The next generation was not shaped by the same environment. The Gen X-ers were raised by a mom who stayed home (mostly), their dad was away doing vaguely important stuff. A seed of change was planted when Ronald Reagen fired the Air Traffic Controllers in the 80s. The crack in "group think" started. A paradigm shifted--especially for the children, like me, of this time.

Moms encouraged their daughters to get educated too and not just settle for the MRS. degree. They might have missed Betty Friedan for themselves, but they sung the message to their daughters. A lady of her generation who went to college often (and with lots of cultural support) dropped out to start a family while her hubby went to work. The economy was so good, in fact, that job recruiters were pulling men out of their junior years because the work force was growing.

For those who think this generation is all about immediate gratification, consider that my parents at the ages of 19 and 23 got married, bought a house, had a job, bought a car, bought furniture and had their first child in ONE YEAR. They were not alone.

But this has changed. Women today stay in college in greater numbers than men. Divorce leaves over 50% of children being raised by one parent--mostly women. Many men who stay married (not all) view their wives as partners and help more (though do much less than women even still and even if the woman works full time) with house work and child rearing.

Some Boomer men, view this trend as a "feminizing" of men. Perhaps. But I think it is simply a reaction by these men to try and NOT be absent like their fathers were. The caring fathers seem determined to maintain a relationship with their children throughout their growing and developing years. These fathers attend school orientations DURING THE DAY. That means they must leave work to do it--and their wives do to.

If there is a Human Resources trend it's this: Companies must (MUST!!!) take this reality into account or they will suffer serious brain-drain. The best workers will not sit around work for hours on end and sacrifice their familiies and their health at the feet of a clumsy business model.

Gen X-ers value work-life balance and will take less money to have more flexibility. They want efficiency in their job. What do I mean? Days of meetings won't satisfy if the results could be achieved with a teleconference from home. That does not mean they will work less. No, more likely they'll leave at four or five, get home, spend time with the kids and their activities and power back up around 8 p.m.--if they are at the executive level.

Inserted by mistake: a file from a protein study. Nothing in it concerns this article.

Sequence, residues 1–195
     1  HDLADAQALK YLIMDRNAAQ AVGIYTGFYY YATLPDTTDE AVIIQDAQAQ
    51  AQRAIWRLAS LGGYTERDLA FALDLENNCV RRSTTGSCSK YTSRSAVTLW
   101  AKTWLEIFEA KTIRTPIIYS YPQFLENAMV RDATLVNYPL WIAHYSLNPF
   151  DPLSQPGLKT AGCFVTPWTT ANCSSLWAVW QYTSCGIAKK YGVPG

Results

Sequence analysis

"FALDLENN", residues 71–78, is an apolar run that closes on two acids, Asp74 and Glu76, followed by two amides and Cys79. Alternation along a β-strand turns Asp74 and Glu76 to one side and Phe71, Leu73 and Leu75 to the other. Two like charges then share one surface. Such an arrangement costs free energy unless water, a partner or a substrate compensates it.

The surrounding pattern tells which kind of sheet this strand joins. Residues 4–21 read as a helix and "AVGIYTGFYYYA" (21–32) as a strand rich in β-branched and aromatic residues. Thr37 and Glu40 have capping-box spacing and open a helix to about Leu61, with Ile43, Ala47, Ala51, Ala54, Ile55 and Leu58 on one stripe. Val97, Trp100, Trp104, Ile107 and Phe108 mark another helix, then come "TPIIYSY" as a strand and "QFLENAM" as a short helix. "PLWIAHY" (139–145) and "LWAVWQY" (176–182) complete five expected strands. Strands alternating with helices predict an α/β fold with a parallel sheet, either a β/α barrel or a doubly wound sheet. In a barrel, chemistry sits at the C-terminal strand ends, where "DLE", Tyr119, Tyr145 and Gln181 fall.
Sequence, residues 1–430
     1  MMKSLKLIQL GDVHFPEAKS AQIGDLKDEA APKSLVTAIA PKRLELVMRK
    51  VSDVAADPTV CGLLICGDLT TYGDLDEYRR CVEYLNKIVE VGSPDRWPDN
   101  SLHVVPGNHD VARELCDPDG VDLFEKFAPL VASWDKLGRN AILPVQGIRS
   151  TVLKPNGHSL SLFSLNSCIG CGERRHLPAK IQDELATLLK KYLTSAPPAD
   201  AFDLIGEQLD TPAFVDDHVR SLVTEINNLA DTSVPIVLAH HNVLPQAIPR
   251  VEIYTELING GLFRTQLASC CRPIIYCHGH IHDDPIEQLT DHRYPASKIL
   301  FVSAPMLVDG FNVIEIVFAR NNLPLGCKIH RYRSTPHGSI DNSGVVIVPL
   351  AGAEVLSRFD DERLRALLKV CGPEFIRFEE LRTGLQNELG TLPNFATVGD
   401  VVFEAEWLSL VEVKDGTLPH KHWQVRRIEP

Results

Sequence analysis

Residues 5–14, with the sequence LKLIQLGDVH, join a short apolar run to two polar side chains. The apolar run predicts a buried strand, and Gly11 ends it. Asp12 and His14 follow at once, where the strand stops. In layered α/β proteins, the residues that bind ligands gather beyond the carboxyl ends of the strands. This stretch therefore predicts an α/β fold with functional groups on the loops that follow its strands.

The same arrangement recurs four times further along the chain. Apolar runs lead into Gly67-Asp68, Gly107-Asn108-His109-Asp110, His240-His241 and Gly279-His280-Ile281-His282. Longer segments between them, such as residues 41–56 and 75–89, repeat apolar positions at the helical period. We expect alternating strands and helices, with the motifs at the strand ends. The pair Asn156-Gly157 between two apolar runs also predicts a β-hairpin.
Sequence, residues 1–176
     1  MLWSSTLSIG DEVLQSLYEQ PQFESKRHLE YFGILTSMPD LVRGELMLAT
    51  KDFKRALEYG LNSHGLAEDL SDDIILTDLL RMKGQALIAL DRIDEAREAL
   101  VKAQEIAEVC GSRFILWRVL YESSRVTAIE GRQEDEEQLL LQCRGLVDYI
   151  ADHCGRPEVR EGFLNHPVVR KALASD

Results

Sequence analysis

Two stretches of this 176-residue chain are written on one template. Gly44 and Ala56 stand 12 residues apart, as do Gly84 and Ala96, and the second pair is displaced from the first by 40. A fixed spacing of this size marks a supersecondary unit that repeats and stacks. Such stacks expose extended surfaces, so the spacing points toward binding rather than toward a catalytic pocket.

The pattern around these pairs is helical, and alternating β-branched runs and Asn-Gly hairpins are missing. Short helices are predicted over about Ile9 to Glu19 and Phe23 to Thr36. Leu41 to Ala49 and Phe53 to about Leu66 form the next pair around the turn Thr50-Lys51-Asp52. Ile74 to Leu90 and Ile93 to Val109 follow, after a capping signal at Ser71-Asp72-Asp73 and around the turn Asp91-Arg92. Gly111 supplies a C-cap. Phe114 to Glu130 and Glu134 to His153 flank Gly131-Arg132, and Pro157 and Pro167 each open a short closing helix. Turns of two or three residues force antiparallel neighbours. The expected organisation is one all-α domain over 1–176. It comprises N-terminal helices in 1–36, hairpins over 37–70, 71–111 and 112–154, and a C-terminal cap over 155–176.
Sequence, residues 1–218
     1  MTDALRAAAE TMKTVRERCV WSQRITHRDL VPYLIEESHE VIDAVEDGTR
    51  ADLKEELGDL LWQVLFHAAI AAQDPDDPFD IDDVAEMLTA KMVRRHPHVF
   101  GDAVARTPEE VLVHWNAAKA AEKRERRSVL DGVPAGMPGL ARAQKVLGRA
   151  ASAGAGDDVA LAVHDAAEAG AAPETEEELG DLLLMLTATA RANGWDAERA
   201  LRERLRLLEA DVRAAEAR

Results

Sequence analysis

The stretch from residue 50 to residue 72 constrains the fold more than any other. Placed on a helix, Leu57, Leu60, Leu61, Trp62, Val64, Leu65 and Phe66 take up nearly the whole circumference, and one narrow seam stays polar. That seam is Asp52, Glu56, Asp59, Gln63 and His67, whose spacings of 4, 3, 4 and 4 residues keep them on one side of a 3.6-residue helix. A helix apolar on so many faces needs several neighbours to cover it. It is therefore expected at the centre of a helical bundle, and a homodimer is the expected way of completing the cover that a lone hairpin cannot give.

Is it more convenient for the higher ups to have people in the office from 7 to 7 so there can be face-to-face meetings? Sure, for THE BOSS. But it irritates the hell out of employees because it is wasteful and unneccesary.

The problem comes back to an old stand-by: leadership. Many are playing catch-up instead of planning and that results in the you-know-what rolling down hill. Managers need to have very specific about the production they need from their employees. Too few are. While some employees like to know what needs to be done and they'll do it, others like to know the details and will do it. But as long as the job is done well, on time and meets or exceed expectations, why does it matter where or when?

If pressure-cooker times are part of the job, then make an effort to counter-balance that time with relaxation. A yoga class is nice addition. And the company ultimately benefits. With all the harumphing about health care costs, businesses (MANAGERS) do prescious little to create a productive and healthy environment. Burning the candle at both ends is encouraged and exploited. Coffee and donuts are the business meeting snack. Outrageous, divisive, lazy employees should be shown the door, so the good ones can get down to business.

So, there is a new trend in HR but it really isn't fancy: Help employees live the life they want and they will pay back the corporation in devotion and production. The best and brightest want IT ALL and that includes a life. Give them permission to have it and you will have loyalty that will nicely pad your bottom line.